The Pan American Health Organization (PAHO) is calling for equitable access to health care in the Caribbean, saying that millions of people in the world still lack access to health care and that many are forced to choose between spending on health and other daily expenses.
PAHO estimated that, in the Caribbean and the wider Americas, around one third of the population lacks access to health care.
“Our main objective is that all people, no matter where they live, can access health care without restrictions and without serious financial difficulties,” said the Dominican-born director of PAHO and regional director for the Americas of the World Health Organization (WHO), Dr Carissa F Etienne.
PAHO said access and universal health coverage is the theme of World Health Day to be observed on Sunday with the slogan “Universal Health: everyone, everywhere” and focusing on primary health care (PHC), equity and solidarity.
“The countries of the region have made important progress in health, which is reflected in the 16-year increase in life expectancy over the past 45 years, as well as in a reduction in infant mortality.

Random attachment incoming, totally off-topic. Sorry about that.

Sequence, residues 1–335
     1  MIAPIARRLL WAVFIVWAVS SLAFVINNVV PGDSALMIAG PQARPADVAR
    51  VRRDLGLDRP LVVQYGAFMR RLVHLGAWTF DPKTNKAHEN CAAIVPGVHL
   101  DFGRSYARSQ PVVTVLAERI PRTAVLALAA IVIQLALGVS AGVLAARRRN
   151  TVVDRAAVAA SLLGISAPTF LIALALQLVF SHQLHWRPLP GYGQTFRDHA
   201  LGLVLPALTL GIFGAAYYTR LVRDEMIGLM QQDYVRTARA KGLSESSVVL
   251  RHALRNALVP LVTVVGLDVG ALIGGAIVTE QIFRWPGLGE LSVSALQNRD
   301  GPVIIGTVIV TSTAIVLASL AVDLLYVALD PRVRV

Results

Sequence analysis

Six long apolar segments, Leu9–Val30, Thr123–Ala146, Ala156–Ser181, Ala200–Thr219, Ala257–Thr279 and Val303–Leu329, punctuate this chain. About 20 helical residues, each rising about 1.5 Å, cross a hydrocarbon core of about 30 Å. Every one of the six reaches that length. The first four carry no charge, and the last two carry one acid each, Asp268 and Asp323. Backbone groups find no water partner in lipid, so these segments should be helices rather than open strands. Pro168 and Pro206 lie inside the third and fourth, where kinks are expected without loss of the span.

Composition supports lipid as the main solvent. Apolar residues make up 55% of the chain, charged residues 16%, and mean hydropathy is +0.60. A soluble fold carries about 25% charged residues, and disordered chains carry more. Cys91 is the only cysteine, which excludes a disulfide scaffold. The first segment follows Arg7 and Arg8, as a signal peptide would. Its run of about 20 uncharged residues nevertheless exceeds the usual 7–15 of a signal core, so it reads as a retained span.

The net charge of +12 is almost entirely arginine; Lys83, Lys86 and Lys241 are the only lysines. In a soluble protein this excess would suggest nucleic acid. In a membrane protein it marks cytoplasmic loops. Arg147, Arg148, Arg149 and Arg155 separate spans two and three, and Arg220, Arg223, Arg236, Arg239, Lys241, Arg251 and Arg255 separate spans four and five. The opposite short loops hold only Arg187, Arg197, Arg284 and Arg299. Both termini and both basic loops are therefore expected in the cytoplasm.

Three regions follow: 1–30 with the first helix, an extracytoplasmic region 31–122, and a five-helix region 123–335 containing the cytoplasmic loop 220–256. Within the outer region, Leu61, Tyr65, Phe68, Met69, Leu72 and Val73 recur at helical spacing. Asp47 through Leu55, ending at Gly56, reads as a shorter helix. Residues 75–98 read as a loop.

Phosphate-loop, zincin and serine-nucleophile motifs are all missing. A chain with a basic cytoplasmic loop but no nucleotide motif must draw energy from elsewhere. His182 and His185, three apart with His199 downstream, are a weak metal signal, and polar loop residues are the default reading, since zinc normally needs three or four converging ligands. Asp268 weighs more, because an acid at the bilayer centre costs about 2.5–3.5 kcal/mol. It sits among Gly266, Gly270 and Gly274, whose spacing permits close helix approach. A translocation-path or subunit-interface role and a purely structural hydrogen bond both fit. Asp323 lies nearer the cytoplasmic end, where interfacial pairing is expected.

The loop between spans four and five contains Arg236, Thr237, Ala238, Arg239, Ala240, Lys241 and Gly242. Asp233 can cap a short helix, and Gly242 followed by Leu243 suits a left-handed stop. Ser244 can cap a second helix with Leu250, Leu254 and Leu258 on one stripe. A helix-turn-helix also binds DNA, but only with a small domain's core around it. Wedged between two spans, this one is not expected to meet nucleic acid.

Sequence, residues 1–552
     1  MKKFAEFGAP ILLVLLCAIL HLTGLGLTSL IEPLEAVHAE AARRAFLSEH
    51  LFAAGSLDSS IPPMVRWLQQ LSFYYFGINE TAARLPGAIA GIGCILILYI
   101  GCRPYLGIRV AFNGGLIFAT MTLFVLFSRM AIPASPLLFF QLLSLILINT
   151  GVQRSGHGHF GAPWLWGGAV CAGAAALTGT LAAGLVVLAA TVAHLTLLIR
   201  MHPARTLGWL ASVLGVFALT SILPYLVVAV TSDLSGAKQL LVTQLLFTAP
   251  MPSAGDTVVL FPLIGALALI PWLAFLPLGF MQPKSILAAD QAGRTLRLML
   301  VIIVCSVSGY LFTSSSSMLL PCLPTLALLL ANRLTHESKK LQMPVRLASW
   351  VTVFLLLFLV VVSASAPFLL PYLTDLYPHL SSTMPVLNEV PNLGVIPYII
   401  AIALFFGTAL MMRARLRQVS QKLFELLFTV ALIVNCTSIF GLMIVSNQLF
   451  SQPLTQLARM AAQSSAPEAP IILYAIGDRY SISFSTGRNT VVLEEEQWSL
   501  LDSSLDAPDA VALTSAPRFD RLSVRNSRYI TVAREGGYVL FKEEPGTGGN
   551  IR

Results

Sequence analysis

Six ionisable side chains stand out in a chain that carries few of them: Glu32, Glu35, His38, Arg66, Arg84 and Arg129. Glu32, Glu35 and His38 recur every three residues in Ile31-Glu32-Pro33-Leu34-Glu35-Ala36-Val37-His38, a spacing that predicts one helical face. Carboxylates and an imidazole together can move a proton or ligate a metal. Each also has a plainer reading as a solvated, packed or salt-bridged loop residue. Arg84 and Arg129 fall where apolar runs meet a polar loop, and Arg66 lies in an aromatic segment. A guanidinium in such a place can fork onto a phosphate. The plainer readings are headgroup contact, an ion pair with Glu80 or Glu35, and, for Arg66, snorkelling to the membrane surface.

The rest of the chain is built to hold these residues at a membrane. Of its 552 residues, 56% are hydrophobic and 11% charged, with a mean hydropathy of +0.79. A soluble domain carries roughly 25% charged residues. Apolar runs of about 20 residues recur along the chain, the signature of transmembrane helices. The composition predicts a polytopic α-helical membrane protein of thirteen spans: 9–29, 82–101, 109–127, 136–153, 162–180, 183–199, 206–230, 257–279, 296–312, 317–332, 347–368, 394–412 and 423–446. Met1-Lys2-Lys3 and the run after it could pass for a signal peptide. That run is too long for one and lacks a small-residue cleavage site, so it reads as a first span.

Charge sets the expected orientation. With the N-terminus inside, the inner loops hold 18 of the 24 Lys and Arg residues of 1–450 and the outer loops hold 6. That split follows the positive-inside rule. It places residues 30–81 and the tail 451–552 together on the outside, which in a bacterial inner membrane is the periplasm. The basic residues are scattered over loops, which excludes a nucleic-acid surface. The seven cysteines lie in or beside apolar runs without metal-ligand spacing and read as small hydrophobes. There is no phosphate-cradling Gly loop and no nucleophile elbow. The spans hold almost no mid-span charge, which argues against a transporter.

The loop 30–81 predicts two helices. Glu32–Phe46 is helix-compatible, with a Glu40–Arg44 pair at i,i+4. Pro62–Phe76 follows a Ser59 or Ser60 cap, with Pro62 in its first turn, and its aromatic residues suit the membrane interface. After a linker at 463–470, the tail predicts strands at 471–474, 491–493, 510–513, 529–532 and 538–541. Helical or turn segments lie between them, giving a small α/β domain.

However, challenges still remain as these gains have not been equitable,” PAHO said, noting adding that it would present the report, “Universal Health in the 21st Century: 40 Years of Alma-Ata,” during a meeting in Mexico on April 9-10.
The report will provide recommendations on expanding access and health coverage in the region by 2030, without leaving anyone behind.
PAHO said in celebration of World Health Day, it has invited countries to “create chains of human solidarity in order to show their commitment to universal health, and to share the photos of these on social media using the #HealthForAll hashtag.”
PAHO said primary health care (PHC) is the foundation for achieving universal health. “It is an approach that involves integrated, quality health services that focus on promotion, prevention, treatment, cure and rehabilitation.
This year’s World Health Day campaign also focuses on solidarity and equity, “core values of universal health,” according to PAHO, adding that these values emphasize the need for society as a whole to contribute to the promotion of health for all people, particularly the most disadvantaged.